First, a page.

Tabletop Shakespeare: Henry VIs and Richard III, Forced Entertainment

I first saw Forced Entertainment’s Complete Works, where they perform 36 of Shakespeare’s plays by moving household items around, on a livestream from Berlin. A lot of the Shakespeare Twitter people were watching and it was an excellent international play-watching experience thing¬†(a bit like the Almeida’s Iliad and Odyssey – I really do love these and again cannot wait for the MA thesis on them). When Forced Ents took it to the Barbican in March, I got tickets to the Thursday night, which was the Henry VI trilogy and Richard III. Each play started about on the hour and took about 50 minutes.

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In the Barbican Pit there were metal frame shelves of the props (actors?) for each play, labelled with sticky tape. You could look for the two pairs of twins for the Comedy of Errors, or the four ladies and four lords in Love’s Labour’s Lost. I was there with friends Steve and Meg, who have been going to Forced Ents stuff long enough that the performer Richard recognised them and came over to say a quick hello before the show, brush with fame! Read more...

Drunk Theatre: “HVI: Play of Thrones” at the Union Theatre

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The Union Theatre isn’t technically above a pub, though it feels like it might as well be. It is, however, just around the corner from Baltic, a restaurant/bar that does very good cocktails, so good that before heading to the theatre, Louisa and I had four. (Between us. We’re not total animals. Yet.)

Exploring connections between the Game of Thrones series and the historical Wars of the Roses isn’t new. There’s a really excellent site History Behind Game of Thrones and an upcoming book entitled, er, Game of Thrones and History. What Phil Willmott, director and adapter of HVI: Play of Thrones, has correctly picked up on is that there is also a strong literary similarity between the Game of Thrones series and Shakespeare’s trilogy of Henry VI plays, in that they both go, “Oh, the Wars of the Roses? Sounds great, let’s add some pirates, magic, adultery, witches, over-the-top gore, bad jokes, zombies and/or robots and basically just go totally bonkers with it.” Read more...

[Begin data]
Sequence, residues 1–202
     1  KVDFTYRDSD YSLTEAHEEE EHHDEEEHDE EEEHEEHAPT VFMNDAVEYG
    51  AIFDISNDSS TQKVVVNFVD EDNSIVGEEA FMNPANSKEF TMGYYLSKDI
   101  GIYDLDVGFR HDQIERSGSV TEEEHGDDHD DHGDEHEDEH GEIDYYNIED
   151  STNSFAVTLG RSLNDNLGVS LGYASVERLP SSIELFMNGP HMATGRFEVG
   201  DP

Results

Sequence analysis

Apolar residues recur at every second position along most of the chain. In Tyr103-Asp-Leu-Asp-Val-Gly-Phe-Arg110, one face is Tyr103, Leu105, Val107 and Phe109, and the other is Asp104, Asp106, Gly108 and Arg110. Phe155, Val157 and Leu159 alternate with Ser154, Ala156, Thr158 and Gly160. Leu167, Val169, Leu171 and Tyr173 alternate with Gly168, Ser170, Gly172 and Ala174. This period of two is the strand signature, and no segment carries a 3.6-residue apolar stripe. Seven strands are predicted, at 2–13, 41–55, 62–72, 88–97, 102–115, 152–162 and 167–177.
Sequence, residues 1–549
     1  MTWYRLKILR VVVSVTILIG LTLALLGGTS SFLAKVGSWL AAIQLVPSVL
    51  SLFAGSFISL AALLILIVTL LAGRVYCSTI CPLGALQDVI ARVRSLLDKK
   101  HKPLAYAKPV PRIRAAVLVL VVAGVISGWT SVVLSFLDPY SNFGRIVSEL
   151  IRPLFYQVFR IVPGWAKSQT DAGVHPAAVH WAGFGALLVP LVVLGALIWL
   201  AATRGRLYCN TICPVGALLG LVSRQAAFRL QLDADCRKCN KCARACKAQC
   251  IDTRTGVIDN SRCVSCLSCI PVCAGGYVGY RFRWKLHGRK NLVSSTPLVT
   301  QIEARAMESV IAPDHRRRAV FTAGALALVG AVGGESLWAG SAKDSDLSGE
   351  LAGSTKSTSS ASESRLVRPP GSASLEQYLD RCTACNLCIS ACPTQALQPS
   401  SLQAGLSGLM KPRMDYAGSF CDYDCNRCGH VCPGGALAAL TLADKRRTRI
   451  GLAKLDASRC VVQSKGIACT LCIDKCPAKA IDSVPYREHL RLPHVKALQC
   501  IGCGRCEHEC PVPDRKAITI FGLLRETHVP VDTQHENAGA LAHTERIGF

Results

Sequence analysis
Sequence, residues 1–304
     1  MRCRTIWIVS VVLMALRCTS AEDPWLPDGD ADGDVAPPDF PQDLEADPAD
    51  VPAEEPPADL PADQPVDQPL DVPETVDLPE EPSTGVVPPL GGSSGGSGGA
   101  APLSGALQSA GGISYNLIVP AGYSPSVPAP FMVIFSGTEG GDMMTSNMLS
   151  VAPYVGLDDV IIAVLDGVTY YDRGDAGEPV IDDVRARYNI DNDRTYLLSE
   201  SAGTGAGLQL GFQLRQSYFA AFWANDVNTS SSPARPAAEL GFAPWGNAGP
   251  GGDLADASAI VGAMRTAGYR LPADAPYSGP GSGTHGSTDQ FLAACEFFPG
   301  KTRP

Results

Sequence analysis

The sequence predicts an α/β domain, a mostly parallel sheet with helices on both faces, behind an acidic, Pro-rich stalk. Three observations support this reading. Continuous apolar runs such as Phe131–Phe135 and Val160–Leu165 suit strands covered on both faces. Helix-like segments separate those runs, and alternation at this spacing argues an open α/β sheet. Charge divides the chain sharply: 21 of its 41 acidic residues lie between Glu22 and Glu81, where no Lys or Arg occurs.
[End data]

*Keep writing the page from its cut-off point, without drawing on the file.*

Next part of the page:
Drunk Theatre: “Henry IV, Part One” and “Part Two”, by the Royal Shakespeare Company at the Barbican

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Last week I had three days off in a row (unprecedented pleasure!) and on Wednesday night I stopped by the Barbican ten minutes before curtain to see which Henry IV was playing, and whether there were any tickets left. It was Part One, and I got what I think must be the best seat in the Barbican. It’s AA3 in the upper circle, and I think it is the best because:

  1. It is £10
  2. The view is hardly restricted at all
  3. When you leave it opens straight out onto a martini bar.
Thirty seconds away from your seat.

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RETURN OF DRUNK THEATRE: Celebrities Do Gay Shakespeare! FEATURING David Tennant’s Richard II and Tom Hiddleston’s Coriolanus

Louisa was in town this week, my longtime drinking-and-theatre buddy who initiated Drunk Theatre Week with me at the National’s Edward II. Clearly the only thing to do was continue with our theme of Gay Renaissance Theatre, so on Monday we saw David Tennant’s hair-extensioned Richard II at the Barbican (RSC) and on Wednesday Tom Hiddleston’s beefy topless-showering Coriolanus at the Donmar.

Richard II

(Photo: Alastair Muir)
Photo: Alastair Muir

 

Drinks Read more...

“Henry V” at the Unicorn Theatre, London

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Man, I thought I was CURSED this week. A series of minor but deeply annoying misfortunes has befallen me and, although I’m not into woo-woo astrology, on the third straight day of terrible things happening I Googled “Is Mercury in retrograde?” and the answer was yes, yes it is. I’m going to therefore use that to explain every bad thing that has happened this week.

After three days of phone-breaking, flat-locking-out and things-being-stolen, Ewan knew exactly what would cheer me up: Shakespeare! Drunk Shakespeare! Aimed at children! Read more...

Drunk Theatre Week: “Much Ado About Nothing” at the Old Vic

Q: So, this Much Ado hasn't been getting very good reviews, gosh! How drunk were you for this one?

A: NOWHERE NEAR ENOUGH.